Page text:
The bottom line is this: IR academics have an important role to play providing a nuanced, systematic and unbiased research on Africa. The ivory tower’s neglect of the region is cause for concern as concepts, data and findings from academia seep into the journals and op-eds that policymakers and the general public consume.

If you’d like to see more results from the Journal Article Database and surveys cited above, visit the TRIP Survey Data Dashboard.

Henry Crossman is a senior at the College of William & Mary, majoring in International Relations and minoring in Economics. He worked at TRIP for 4 years as a Research Assistant. His interests include African politics, development, and international security. The TRIP Project thanks Henry for sharing his diligence, intelligence, and sharp wit with us over the past four years.

RA Posts Spring 2019

Have a Little Faith: Scholars’ Confidence in World Leaders

By Sydney Boer
April 29, 2019

In the fall of 2017, the TRIP Project fielded SNAP Poll X about the state of global affairs. American scholars of international affairs shared their opinions on prominent heads of state and these leaders’ international policy. TRIP specifically inquired, “How much confidence do you have in each of the following leaders to do the right thing regarding world affairs?” Respondents could choose between the options of “a lot of confidence,” “some confidence,” “not too much confidence,” “no confidence at all,” and “don’t know.”

Two parts of this question can be interpreted very broadly: confidence and the “right thing.” The “right thing” is a subjective phrase because it can evoke different concepts and people hold different opinions about each of those concepts. Since TRIP collected these specific results from American scholars, one can assume an American-centric bias for this question. Therefore, the “right thing” might correlate with American political interests. Or, since the question specifies world affairs, the “right thing” could evoke a moral dilemma of the welfare of humanity. Are scholars more pragmatic or idealistic? In this case, scholars’ responses would differ based on their political ideology in economics and social issues. Most faculty in the survey identified themselves as somewhat liberal (31.82% in social issues, 41.85% in economics ) or very liberal (51.72% in social issues, 23.04% in economics). The next largest category included middle of the road perspectives. Given this, one can pinpoint their possible global priorities. Do they believe that the “right thing” for global affairs is multilateralism? Open markets? Democracy? Human rights?  TRIP did not test the extent of other factors influencing faculty responses, such as their specific research projects, experience outside the ivory tower, or their personal histories. Therefore, one can never 100% know the motives to these responses.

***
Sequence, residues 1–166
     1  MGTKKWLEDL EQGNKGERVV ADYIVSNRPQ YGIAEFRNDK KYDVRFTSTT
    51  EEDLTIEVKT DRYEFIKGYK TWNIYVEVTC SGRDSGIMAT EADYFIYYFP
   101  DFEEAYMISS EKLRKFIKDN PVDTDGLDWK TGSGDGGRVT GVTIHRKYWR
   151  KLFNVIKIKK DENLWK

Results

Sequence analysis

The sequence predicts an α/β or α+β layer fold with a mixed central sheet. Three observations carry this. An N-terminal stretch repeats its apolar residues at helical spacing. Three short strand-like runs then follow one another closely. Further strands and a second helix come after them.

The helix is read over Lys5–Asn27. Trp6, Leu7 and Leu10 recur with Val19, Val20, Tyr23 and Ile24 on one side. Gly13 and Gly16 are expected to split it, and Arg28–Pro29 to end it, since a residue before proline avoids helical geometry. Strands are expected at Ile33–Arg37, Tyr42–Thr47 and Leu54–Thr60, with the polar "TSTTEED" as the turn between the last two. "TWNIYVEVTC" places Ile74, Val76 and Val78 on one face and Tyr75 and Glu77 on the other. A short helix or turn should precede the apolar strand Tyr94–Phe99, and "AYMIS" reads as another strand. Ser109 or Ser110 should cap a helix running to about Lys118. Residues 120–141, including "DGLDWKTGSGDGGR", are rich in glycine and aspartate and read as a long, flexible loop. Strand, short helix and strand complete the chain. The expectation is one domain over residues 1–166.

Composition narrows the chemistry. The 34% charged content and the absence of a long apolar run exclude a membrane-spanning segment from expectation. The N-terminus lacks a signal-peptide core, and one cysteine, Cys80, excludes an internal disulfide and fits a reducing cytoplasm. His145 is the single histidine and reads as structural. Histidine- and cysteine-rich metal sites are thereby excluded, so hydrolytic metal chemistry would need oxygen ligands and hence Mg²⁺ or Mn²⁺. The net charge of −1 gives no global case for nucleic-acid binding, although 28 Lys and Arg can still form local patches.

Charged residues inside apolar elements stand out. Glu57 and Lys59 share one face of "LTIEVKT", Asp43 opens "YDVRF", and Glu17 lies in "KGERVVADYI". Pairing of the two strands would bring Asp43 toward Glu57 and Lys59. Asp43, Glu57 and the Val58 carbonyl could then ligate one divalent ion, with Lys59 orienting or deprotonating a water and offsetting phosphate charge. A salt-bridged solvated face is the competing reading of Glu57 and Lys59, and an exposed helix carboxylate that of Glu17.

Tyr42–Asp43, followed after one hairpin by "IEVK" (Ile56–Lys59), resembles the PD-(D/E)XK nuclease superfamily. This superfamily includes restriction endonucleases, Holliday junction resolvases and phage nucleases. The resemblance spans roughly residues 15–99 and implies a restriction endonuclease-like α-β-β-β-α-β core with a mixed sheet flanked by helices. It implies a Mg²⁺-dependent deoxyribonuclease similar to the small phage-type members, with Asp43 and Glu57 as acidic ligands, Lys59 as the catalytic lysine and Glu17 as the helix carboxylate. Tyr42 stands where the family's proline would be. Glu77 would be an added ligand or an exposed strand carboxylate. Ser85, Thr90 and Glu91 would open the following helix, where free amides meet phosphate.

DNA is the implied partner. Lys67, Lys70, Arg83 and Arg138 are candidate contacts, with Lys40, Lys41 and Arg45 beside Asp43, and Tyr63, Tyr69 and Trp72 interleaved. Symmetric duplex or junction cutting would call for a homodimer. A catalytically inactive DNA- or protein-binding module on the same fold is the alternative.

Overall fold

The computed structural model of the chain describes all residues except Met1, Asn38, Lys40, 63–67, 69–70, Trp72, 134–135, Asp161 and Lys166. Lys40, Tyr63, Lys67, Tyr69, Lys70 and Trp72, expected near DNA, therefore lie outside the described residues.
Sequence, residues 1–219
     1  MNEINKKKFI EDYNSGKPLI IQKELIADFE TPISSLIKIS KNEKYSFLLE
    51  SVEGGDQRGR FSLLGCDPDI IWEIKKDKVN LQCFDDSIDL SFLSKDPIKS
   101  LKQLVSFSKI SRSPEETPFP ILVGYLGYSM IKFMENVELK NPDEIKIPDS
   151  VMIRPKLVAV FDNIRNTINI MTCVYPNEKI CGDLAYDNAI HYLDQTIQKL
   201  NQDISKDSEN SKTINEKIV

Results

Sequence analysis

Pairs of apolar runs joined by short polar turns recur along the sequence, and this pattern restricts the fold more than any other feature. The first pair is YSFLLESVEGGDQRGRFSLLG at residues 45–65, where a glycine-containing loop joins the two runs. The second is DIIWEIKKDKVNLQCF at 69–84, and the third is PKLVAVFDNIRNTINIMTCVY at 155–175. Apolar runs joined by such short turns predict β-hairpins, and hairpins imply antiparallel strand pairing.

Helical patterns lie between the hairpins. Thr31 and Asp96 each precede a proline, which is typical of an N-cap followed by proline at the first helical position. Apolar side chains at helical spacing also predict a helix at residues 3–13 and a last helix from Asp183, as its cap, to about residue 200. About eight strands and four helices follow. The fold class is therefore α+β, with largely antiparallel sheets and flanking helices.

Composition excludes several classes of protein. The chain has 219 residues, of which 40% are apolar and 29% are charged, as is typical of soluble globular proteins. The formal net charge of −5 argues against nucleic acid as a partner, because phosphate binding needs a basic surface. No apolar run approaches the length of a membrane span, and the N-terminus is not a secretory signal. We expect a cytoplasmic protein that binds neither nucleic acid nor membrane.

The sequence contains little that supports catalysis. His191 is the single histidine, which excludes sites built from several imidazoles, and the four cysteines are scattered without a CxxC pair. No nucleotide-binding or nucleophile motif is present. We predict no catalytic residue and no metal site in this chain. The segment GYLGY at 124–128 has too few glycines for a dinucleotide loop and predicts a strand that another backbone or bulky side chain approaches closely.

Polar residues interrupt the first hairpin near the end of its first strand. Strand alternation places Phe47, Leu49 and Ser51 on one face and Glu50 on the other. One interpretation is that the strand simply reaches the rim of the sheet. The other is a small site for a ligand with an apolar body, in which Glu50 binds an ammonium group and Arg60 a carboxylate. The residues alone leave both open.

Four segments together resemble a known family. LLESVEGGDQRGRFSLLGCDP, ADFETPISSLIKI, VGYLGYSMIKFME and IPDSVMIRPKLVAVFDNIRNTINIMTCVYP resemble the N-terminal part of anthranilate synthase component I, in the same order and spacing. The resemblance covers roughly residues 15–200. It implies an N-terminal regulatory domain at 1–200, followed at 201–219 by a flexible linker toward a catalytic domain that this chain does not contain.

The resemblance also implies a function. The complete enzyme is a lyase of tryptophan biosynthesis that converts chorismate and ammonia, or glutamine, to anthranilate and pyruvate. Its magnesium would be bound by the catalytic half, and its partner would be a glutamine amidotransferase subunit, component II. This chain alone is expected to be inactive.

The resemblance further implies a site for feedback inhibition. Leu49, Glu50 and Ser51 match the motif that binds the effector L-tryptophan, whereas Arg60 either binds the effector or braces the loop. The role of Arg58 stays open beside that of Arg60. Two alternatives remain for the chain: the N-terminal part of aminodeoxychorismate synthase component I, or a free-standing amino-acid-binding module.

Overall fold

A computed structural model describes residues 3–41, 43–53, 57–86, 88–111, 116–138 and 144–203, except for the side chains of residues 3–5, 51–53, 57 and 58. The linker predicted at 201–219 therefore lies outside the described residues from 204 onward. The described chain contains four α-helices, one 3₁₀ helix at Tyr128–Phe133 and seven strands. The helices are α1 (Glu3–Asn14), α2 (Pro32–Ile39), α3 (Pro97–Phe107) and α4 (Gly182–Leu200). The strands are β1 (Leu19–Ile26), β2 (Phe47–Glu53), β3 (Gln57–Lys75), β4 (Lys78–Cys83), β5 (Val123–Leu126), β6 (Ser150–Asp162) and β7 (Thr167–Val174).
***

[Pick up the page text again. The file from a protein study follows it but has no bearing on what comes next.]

The notion of confidence also allows a lot of ambiguity. It depends on the personal and professional factors mentioned previously, as well as scholars’ level of skepticism. Because this question alludes to global leaders’ future actions, it requires some extrapolation. Because these academics have dedicated their careers to the study of international affairs, they are most likely aware that scholarly predictions are not always accurate. In fact, they are usually not. Therefore, one can expect scholars generally avoid choosing the extreme options of “a lot of confidence” and “no confidence.” It is also well known that International Relations is a male-dominated field. Male scholars, in general, happen to be more confident in their opinions and academic judgment than their female counterparts; although these confidence levels do not determine the correctness of their statements. Now that the question has been qualified, let’s move on to the data.